If the Gulf oil spill is a national tragedy, the arguments over President Obama’s response to it have descended into a national farce. When former law professors go looking for “ass to kick,” they end up looking like the eponymous hero of Kickass, a nerdy kid copying moves he’s seen in comic books. The difference is that the fictional Kickass was ennobled by failure, which, sadly, is not the kind of outcome open to the President of the United States in matters of national importance.
Obama’s mistake was to respond to the Rock’Em Sock’Em Robots of punditry. The country didn’t want Spock at the helm during environmental armageddon, they protested; the situation demanded a theatrically-appropriate response–as if the presidency was the background music to the movie of our lives, rousing in adversity, compassionate in suffering, a boom box of linguistic effects.
If style is the image of character, you cannot go from the calmest, most judicious intellectual in the room to a Schwarzenegger character in leather trousers and expect to be perceived as authentic. This is why responding to his critics was the wrong thing to do. By following their lame advice, by trying to be someone he isn’t, Obama sounded bathetic.
All of this is an object lesson in how democracy isn’t helped by the media. Just as an analysis of the Katrina response shows that it was a complex systematic failure of government and not a simple fumble by George W. Bush and “heck of a job” Brownie, the Gulf oil spill is not really in the league of a car wreck caused by distracted texting. The very intractability of the problem demands openness, an admission of complexity and a detailed description of solutions that are being pursued. And yet, according to one manufacturer of conventional wisdom, the problem was not that Obama’s White House address on the spill was too simple or vague, it was that it wasn’t simple enough. As CNN reported:
“Obama’s speech may have gone over the heads of many in his audience, according to an analysis of the 18-minute talk released Wednesday by Paul J.J. Payack, president of Global Language Monitor. Tuesday night’s speech from the Oval Office of the White House was written to a 9.8 grade level, said Payack, who gave Obama a ‘solid B.’ His Austin, Texas-based company analyzes and catalogues trends in word usage and word choice and their impact on culture.”
The president’s 19.8 words per sentence apparently “added some difficulty for his target audience.” But 19.8 words is well within the breath of television’s cutthroat culture of political sound bites, which now stands at seven seconds. Indeed, as Elvin T. Lim notes in his brilliant historical and linguistic analysis of presidential rhetoric, The Anti-Intellectual Presidency, the average presidential sentence in recent years (as defined by speeches) has ranged from 15 to 20 words, well within the assumed attention span of the presumptive television viewer.
But now, even this is apparently too difficult for most Americans to follow. It gets worse. Take the following sentence from the President’s speech, “That is why just after the rig sank, I assembled a team of our nation’s best scientists and engineers to tackle this challenge–a team led by Dr. Steven Chu, a Nobel Prize-winning physicist and our nation’s Secretary of Energy.” According to Payack, this is the kind of phrasing that makes the President seem “aloof and out of touch.” It’s too professorial, too academic and not “ordinary enough.” Perhaps the President should just have tweeted “I got smart folks fixin’ to fix the oil spill” and let everyone go back to their regular broadcast fare or communicating with each other in grunts and clicks.
Flash from the Past ( September 21, 2009) by Paul Bonanos
Which predecessor does his rhetoric most nearly echo? The data don’t lie: It’s Ronald Reagan.
On Tuesday, President Obama spoke to schoolchildren; on Wednesday, to Congress. The easy punch line (same grade level, guys?) raises a real question: How does this president, whose comments on health care in particular had been criticized for lacking a clear take-home message, pitch his language? Does he strategically streamline his explanations for different audiences? To find out, we called upon science, in the form of Paul J. J. Payack, “president and chief word analyst” at an Austin, Texas, trend-watching outfit called the Global Language Monitor.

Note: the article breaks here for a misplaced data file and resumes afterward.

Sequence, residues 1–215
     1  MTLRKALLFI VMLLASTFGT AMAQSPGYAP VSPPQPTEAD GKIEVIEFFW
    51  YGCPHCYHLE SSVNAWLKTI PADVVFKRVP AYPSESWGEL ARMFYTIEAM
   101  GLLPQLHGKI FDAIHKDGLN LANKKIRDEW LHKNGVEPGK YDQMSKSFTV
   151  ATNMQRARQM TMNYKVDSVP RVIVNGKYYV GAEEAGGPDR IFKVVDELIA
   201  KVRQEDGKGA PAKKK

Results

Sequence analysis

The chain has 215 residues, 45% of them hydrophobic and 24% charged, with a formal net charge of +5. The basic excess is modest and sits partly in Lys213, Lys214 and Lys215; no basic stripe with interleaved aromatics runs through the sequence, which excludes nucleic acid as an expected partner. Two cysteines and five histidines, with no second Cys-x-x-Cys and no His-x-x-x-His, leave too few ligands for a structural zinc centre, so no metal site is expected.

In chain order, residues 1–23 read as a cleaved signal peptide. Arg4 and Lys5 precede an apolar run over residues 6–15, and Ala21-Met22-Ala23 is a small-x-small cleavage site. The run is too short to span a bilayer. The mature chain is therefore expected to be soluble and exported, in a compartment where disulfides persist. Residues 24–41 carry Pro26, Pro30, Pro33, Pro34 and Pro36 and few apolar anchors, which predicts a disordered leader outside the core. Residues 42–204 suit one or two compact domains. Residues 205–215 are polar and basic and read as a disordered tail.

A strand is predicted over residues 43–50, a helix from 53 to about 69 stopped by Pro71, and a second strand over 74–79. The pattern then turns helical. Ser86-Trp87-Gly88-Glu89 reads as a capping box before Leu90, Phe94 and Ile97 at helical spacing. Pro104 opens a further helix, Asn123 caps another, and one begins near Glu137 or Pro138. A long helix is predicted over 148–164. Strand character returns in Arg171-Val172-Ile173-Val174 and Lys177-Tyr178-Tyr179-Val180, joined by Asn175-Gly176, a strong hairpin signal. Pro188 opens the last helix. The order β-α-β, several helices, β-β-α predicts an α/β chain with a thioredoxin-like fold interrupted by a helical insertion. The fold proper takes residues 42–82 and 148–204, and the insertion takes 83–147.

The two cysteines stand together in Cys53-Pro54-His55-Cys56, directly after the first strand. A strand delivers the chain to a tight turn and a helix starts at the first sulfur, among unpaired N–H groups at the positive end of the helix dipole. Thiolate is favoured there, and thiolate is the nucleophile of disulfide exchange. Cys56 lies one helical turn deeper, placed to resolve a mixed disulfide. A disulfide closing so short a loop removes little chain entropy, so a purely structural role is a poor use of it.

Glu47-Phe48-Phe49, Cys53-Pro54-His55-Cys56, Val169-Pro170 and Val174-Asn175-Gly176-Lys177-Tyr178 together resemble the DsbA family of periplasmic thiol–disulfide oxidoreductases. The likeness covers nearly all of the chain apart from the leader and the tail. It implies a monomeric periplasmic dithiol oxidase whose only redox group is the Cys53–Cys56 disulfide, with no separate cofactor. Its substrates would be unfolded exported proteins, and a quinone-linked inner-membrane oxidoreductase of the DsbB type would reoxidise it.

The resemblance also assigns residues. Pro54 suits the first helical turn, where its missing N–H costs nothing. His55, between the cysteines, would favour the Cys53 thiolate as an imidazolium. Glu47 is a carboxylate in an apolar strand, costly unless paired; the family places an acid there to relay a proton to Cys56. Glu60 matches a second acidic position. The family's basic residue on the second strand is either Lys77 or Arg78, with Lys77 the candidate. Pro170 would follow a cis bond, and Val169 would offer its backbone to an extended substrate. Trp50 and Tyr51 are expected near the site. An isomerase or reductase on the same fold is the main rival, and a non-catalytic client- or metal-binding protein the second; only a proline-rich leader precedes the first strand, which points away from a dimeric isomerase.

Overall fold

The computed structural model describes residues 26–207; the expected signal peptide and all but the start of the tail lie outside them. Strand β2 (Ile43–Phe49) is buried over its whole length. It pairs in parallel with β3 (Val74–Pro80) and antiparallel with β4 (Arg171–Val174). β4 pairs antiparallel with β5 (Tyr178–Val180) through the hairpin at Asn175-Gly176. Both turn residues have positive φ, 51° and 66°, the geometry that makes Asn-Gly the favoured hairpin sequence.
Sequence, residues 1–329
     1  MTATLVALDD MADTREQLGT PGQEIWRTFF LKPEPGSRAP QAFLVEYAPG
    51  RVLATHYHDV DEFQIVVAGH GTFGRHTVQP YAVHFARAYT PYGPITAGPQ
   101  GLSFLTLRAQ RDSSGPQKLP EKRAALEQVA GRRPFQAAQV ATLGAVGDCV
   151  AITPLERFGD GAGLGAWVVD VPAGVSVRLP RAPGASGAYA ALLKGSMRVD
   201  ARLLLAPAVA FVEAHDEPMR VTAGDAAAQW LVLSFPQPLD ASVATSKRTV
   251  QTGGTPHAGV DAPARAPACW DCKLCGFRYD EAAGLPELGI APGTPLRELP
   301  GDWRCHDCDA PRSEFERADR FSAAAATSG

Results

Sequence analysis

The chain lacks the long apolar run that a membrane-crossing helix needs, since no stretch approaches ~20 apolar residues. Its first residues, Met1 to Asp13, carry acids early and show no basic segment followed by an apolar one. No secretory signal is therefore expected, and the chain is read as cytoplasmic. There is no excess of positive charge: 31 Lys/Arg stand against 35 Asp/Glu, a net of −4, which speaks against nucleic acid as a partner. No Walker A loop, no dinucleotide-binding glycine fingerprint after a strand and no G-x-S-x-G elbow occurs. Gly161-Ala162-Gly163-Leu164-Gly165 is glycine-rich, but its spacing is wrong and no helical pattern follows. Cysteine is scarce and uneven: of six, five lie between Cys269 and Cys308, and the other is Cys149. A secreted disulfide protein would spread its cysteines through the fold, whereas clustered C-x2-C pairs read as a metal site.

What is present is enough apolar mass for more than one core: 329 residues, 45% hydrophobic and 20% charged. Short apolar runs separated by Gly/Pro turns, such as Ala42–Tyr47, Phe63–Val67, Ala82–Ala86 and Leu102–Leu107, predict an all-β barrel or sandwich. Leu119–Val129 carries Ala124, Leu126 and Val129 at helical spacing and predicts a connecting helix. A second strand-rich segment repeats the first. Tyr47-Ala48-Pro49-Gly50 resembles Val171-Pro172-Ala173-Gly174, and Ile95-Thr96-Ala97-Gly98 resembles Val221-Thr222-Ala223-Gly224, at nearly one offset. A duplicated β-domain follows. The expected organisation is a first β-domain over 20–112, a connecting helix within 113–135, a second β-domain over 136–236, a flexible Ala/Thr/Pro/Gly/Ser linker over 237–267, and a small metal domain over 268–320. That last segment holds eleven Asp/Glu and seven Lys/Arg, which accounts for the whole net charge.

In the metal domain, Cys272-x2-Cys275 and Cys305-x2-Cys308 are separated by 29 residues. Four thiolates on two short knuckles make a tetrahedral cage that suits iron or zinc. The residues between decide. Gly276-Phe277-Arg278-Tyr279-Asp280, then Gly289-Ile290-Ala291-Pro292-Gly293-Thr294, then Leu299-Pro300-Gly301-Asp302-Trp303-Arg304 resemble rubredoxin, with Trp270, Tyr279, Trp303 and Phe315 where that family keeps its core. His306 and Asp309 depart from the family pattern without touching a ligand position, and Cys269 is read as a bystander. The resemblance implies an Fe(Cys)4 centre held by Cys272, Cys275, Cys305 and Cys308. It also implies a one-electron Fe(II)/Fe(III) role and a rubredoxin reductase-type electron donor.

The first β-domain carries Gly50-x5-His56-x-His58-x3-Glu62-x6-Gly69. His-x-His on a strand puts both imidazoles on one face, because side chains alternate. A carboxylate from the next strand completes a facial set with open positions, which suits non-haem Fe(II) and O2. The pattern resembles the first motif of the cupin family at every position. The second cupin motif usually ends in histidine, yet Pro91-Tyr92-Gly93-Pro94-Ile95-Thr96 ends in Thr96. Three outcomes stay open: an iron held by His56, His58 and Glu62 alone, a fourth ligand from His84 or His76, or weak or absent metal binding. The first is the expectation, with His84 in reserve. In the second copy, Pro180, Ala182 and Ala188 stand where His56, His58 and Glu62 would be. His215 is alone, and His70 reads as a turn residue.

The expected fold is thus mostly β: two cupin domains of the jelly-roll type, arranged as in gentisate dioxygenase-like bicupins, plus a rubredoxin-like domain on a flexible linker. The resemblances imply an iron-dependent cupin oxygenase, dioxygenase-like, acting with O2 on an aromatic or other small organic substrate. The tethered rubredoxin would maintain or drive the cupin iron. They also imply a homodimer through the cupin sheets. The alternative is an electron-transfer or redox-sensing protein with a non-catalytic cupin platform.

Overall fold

What Payack found when Obama’s speeches bubbled through his software was that the president didn’t treat Congress like a bunch of kids. His health-care speech clocks in at 9.0, indicating a ninth-grade reading level; the classroom speech, at 6.6. Those two figures more or less bookend the range for contemporary oration. Both Presidents Bush tended to fall around grade 7, as did Obama’s “Yes, We Can” speech. Martin Luther King Jr.’s “I Have a Dream” comes in at 8.8.
There’s plenty of room for sophisticated ideas at that level. The Adventures of Huckleberry Finn is sixth-grade material. So is The Hobbit. The Gettysburg Address rates a 9.1. That’s low for the nineteenth century, when florid oratory was in vogue—the Lincoln-Douglas debates took place at an eleventh-grade level, rarely heard today. “You can imagine how they’d talk—three, four hours long,” Payack says. “It really changed with the advent of radio.”
Nor is ninth-grade language too tough for a mainstream audience. Payack says that Ronald Reagan, the master of folksy explanation, is Obama’s closest match among recent presidents, with speeches that usually come in around 9 or 10. “The word was that he spoke in sound bites, but they’re very well-crafted sound bites.” The two presidents may differ in affect, content, and approach—Obama sometimes seems to develop his ideas through the very process of turning them into oratory, whereas Reagan more or less only had one idea—but not in linguistic complexity. Indeed, Obama has often expressed admiration for the Gipper’s ability to frame issues.
Payack explains that his proprietary algorithm is a variant of the standard Flesch Reading Ease Test, which is performed on many textbooks and educational materials: “It analyzes words per sentence, syllables per word, things of that nature. The theory is that the more complex the structure, the more syllables per word, the more difficult it is to understand.” Polysyllabicism and subclauses add complexity, and skew the score toward older readers. “To reach the greatest number of people, to communicate most crisply, to make sure your idea moves from your mind to someone else’s, you should speak in short sentences.” (Representative Joe Wilson’s “You lie!” achieves a prekindergarten rating.) For comparison, a Maureen Dowd column from last week was a 10.8, a Paul Krugman piece was a 12.5, and the story you’re reading now has a Flesch score of ninth grade.